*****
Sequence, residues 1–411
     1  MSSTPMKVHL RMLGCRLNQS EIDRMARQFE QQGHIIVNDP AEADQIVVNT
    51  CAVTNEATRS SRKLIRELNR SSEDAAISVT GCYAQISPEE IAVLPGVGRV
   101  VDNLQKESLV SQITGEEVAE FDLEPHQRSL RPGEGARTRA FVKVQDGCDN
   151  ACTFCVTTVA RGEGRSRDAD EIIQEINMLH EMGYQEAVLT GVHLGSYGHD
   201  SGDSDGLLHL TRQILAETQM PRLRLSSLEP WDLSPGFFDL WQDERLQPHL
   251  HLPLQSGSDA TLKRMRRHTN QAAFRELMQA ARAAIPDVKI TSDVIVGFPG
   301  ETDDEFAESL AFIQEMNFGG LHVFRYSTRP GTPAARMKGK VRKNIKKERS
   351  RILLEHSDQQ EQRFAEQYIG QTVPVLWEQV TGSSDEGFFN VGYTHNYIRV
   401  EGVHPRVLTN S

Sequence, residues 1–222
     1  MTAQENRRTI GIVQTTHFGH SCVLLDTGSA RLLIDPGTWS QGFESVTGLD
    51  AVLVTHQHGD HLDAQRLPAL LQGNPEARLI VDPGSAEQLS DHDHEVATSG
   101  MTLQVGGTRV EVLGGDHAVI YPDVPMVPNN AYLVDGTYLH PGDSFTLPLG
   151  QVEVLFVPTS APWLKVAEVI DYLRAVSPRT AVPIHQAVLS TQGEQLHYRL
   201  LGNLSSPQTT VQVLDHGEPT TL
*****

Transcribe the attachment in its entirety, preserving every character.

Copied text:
Sequence, residues 1–411
     1  MSSTPMKVHL RMLGCRLNQS EIDRMARQFE QQGHIIVNDP AEADQIVVNT
    51  CAVTNEATRS SRKLIRELNR SSEDAAISVT GCYAQISPEE IAVLPGVGRV
   101  VDNLQKESLV SQITGEEVAE FDLEPHQRSL RPGEGARTRA FVKVQDGCDN
   151  ACTFCVTTVA RGEGRSRDAD EIIQEINMLH EMGYQEAVLT GVHLGSYGHD
   201  SGDSDGLLHL TRQILAETQM PRLRLSSLEP WDLSPGFFDL WQDERLQPHL
   251  HLPLQSGSDA TLKRMRRHTN QAAFRELMQA ARAAIPDVKI TSDVIVGFPG
   301  ETDDEFAESL AFIQEMNFGG LHVFRYSTRP GTPAARMKGK VRKNIKKERS
   351  RILLEHSDQQ EQRFAEQYIG QTVPVLWEQV TGSSDEGFFN VGYTHNYIRV
   401  EGVHPRVLTN S

Sequence, residues 1–222
     1  MTAQENRRTI GIVQTTHFGH SCVLLDTGSA RLLIDPGTWS QGFESVTGLD
    51  AVLVTHQHGD HLDAQRLPAL LQGNPEARLI VDPGSAEQLS DHDHEVATSG
   101  MTLQVGGTRV EVLGGDHAVI YPDVPMVPNN AYLVDGTYLH PGDSFTLPLG
   151  QVEVLFVPTS APWLKVAEVI DYLRAVSPRT AVPIHQAVLS TQGEQLHYRL
   201  LGNLSSPQTT VQVLDHGEPT TL